RE: Why does..
RE: Why does..
By 306maxi on 9/15/2008 9:04:06 PM , Rating: 1
I never said they promoted it as being an open OS. You were the one who said they promote it as being a closed OS which is clearly not the case!


RE: Why does..
By inighthawki on 9/15/2008 9:49:38 PM , Rating: 5
"(though MS has started laying the ground work to remove these abilities)"

Can you explain to me how that is true in ANY aspect? Over the past couple years, MS has made numerous releases that target mroe and more developers to make their own stuff, including, and very importantly, FREE versions of visual studio, intended to give new-comers the ability to start programming. Making IE the default browser because they made it, or WMP11 the default media player because they made it, doesn't mean they are trying to get people to hate everything else. As with every other software company, they keepimproving their software, and want more people to use what it has to offer. Many people would GROAN about not having such stuff preinstalled.

And what does that say about apple? safari? itunes? last i checked, that software, among a lot of other software, comes preinstalled in the OS. Should we file anti-trust regulation because they include this stuff and make it harder to developers to program for their OS? They have less browser and media player options than on windows, yet bundling this software is considered a perfectly OK practice.

People need to get their heads where they belong...


RE: Why does..
By Visual on 9/16/08, Rating: 0
RE: Why does..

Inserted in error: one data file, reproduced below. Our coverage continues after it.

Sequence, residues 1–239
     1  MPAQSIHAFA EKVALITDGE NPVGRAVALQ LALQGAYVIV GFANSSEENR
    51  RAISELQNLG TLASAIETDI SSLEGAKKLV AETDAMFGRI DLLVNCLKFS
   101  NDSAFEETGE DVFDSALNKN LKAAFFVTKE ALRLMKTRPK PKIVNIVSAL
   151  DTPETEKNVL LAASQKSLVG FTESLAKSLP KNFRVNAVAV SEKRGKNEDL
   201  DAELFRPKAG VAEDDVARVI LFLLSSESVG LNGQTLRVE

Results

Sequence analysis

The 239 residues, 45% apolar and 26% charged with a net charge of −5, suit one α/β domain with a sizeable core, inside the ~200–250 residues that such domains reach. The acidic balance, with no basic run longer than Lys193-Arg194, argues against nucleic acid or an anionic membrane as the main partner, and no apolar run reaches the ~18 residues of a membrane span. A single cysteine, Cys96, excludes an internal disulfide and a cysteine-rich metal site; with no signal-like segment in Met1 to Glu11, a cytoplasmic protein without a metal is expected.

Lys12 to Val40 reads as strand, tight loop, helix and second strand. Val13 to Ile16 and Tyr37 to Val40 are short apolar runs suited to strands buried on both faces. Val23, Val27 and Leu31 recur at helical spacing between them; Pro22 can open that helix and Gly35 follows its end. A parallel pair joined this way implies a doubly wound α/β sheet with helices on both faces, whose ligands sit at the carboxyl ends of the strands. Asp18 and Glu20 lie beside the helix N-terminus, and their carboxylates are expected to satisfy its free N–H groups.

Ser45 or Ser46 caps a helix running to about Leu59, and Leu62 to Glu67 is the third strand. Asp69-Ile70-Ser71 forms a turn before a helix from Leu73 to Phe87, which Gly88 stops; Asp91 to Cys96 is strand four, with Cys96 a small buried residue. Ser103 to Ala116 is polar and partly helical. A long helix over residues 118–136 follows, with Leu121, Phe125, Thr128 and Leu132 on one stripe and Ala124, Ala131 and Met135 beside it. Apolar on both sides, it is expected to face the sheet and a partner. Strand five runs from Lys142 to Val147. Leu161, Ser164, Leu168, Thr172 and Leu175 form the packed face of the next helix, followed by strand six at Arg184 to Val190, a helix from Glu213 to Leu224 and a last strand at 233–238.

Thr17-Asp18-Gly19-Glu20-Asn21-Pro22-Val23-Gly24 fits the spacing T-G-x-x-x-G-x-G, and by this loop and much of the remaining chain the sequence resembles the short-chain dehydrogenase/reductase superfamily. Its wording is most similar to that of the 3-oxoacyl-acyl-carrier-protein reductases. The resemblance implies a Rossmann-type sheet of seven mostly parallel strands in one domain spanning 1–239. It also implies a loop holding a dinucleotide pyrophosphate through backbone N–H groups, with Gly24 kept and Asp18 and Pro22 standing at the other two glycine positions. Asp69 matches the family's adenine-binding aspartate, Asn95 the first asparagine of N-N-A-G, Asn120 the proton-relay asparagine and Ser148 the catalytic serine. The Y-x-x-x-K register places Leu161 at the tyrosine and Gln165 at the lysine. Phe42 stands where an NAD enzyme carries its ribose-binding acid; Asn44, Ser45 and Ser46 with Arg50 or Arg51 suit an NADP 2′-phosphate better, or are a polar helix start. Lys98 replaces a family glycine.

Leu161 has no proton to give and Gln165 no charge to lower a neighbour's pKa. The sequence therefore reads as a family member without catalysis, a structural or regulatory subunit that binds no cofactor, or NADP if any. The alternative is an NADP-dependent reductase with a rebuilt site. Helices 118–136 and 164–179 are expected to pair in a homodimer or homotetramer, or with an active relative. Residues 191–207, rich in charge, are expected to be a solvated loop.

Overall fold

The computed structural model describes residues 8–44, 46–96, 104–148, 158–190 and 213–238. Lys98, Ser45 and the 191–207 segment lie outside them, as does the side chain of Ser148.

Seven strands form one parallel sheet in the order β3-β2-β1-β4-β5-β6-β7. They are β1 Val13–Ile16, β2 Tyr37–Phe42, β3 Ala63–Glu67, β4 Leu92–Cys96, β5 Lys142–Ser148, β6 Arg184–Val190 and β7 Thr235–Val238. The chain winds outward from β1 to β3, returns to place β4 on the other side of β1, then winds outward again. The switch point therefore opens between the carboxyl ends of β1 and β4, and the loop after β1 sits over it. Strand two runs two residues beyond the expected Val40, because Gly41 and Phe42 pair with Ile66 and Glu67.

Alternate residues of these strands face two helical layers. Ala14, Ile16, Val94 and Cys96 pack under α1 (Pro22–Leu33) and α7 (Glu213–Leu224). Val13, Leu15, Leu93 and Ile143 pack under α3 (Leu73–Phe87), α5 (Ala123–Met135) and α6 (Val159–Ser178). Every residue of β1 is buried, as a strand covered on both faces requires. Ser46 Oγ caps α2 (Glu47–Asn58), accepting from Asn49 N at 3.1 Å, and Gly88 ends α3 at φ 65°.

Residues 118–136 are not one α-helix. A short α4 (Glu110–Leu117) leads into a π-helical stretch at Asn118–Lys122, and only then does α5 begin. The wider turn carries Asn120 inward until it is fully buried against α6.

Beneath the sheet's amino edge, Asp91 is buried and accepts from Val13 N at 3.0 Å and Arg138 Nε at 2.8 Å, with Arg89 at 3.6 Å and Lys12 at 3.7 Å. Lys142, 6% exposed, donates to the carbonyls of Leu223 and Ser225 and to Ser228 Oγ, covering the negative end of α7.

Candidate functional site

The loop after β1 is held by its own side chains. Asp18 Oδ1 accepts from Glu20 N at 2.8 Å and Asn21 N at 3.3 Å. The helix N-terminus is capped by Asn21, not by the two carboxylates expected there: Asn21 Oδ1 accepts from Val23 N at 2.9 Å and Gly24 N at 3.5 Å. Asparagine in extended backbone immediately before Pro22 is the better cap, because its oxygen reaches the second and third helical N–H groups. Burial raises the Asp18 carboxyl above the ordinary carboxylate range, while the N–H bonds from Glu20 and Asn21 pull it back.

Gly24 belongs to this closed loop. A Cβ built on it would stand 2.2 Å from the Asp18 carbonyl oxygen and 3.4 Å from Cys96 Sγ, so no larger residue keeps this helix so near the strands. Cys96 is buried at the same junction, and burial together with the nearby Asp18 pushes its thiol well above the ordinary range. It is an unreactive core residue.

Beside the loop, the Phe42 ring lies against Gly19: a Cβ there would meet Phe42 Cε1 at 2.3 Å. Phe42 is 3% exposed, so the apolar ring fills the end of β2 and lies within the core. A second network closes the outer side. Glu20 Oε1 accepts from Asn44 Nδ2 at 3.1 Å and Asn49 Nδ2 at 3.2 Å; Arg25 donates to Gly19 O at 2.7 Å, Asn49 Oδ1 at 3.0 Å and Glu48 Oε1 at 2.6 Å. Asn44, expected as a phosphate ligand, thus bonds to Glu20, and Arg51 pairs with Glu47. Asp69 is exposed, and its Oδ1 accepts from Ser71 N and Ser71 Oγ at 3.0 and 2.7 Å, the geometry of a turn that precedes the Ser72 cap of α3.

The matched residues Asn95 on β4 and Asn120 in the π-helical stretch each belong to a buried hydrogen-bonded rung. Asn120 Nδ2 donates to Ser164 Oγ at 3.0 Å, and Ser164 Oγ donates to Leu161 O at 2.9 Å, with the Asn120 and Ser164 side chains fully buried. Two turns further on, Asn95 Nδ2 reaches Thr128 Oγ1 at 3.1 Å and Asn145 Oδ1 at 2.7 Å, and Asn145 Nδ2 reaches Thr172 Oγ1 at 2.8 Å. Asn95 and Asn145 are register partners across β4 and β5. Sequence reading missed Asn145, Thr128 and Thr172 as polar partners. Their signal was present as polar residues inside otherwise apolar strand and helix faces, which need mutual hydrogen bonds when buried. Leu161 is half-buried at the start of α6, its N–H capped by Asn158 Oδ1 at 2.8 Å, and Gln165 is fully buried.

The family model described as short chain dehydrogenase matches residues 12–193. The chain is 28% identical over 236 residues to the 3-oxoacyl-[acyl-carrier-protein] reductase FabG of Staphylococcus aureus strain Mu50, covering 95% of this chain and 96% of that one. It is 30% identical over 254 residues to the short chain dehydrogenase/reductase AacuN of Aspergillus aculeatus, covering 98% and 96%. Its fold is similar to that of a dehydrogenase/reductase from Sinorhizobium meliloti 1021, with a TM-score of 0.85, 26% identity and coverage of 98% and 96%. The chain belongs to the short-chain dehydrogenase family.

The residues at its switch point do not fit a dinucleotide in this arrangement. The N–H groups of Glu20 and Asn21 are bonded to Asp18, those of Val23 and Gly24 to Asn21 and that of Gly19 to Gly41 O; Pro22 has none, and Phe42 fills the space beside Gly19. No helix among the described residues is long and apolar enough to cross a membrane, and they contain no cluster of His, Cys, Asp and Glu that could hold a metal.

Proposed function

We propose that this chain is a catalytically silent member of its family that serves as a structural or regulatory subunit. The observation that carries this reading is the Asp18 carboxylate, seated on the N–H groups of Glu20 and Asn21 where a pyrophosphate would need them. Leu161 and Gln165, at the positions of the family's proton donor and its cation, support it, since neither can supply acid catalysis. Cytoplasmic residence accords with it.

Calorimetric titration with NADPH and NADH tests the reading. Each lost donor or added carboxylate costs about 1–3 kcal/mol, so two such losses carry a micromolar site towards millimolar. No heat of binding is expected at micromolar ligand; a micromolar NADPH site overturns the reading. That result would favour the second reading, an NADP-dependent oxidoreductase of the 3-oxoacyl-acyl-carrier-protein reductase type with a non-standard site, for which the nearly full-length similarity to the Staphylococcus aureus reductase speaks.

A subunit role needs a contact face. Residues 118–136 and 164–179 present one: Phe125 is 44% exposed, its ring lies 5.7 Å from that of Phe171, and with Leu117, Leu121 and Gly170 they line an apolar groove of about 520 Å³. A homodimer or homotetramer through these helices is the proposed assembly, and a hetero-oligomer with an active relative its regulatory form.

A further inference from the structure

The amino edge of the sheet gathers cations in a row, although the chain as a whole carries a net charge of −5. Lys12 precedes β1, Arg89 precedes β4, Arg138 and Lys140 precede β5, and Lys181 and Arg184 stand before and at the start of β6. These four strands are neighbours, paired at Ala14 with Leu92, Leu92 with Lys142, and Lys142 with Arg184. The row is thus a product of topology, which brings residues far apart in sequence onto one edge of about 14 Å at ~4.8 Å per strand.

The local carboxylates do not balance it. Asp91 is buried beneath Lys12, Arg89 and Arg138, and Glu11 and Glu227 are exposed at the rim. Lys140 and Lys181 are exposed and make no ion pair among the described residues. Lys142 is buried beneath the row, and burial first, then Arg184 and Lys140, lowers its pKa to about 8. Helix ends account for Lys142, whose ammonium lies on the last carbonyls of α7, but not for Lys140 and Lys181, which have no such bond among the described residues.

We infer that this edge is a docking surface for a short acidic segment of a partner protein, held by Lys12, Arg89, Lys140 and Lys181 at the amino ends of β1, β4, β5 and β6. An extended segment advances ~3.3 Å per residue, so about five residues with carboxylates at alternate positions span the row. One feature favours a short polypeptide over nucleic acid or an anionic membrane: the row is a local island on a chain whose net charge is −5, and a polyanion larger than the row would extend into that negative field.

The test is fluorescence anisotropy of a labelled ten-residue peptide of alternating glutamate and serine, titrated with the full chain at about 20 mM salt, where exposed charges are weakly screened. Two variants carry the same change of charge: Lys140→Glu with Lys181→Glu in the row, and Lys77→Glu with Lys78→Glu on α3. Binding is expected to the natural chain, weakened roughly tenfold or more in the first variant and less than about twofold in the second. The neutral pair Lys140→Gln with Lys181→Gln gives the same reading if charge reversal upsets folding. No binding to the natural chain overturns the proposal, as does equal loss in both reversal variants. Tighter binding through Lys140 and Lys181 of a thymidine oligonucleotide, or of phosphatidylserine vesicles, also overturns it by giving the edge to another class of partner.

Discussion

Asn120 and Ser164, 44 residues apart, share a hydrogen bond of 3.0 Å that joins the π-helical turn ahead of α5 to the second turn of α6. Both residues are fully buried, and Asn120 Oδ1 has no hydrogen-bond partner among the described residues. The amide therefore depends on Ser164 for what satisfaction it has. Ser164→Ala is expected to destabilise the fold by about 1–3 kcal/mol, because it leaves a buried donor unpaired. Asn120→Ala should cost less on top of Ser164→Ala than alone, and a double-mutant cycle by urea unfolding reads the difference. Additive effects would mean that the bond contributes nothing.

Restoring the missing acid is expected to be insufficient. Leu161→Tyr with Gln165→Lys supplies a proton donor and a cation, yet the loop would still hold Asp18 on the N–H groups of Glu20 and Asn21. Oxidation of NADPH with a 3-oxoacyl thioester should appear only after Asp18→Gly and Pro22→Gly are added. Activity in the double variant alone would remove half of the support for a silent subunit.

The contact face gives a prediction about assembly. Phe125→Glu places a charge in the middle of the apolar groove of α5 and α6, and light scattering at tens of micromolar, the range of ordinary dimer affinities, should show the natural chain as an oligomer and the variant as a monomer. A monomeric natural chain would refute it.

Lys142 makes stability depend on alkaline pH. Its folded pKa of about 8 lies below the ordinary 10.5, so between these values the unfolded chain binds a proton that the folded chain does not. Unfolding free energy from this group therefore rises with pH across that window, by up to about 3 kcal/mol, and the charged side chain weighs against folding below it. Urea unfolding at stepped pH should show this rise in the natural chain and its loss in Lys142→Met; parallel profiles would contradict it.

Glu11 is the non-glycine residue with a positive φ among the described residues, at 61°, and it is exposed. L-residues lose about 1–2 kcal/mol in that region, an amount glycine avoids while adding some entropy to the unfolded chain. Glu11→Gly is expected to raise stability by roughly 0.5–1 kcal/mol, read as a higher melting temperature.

By kelmon on 9/17/2008 7:09:09 AM , Rating: 4
Let's get through this quickly:

Is there another way to install applications on an iPod Touch/iPhone?

Yes, but it is not sanctioned by Apple and requires the user to "jailbreak" their device. This is not considered as an "alternative" - this is hacking.

Does Apple stop you from installing competing applications?

Apparently, yes. This is anti-competitive behavior in anyone's definition. Apple, as the controller of the iPhone platform, have rejected an application that complied with their guidelines for no other reason than it does something that their own application does (which, incidentally, isn't true).

Should Apple be forced to sell the application?

If it complies with their published development guidelines, yes. If Microsoft prevented the installation of Firefox then there would be utter uproar. This is no different.


RE: Why does..
By kelmon on 9/17/2008 7:01:59 AM , Rating: 2
This should go to court and, I suspect, it will. Just give it a bit of time since a case needs to be built first.


Monopoly?
By chalupa on 9/15/2008 12:06:38 PM , Rating: 2
Can't developers sue apple on the grounds of monopolistic behaviour and anticompetitive practice? Seems like this case fits the bill.




RE: Monopoly?
By Hare on 9/15/2008 12:43:53 PM , Rating: 3
Apple doesn't have a monopoly and they are allowed to decide what to run on their platform. The situation would be different if Apple was the only one providing mobile phones (or OS). That's why MS has been in trouble (real monopoly).

Luckily developers also have the choice to develope for other platforms without these draconian policies (Windows Mobile, Symbian & Google).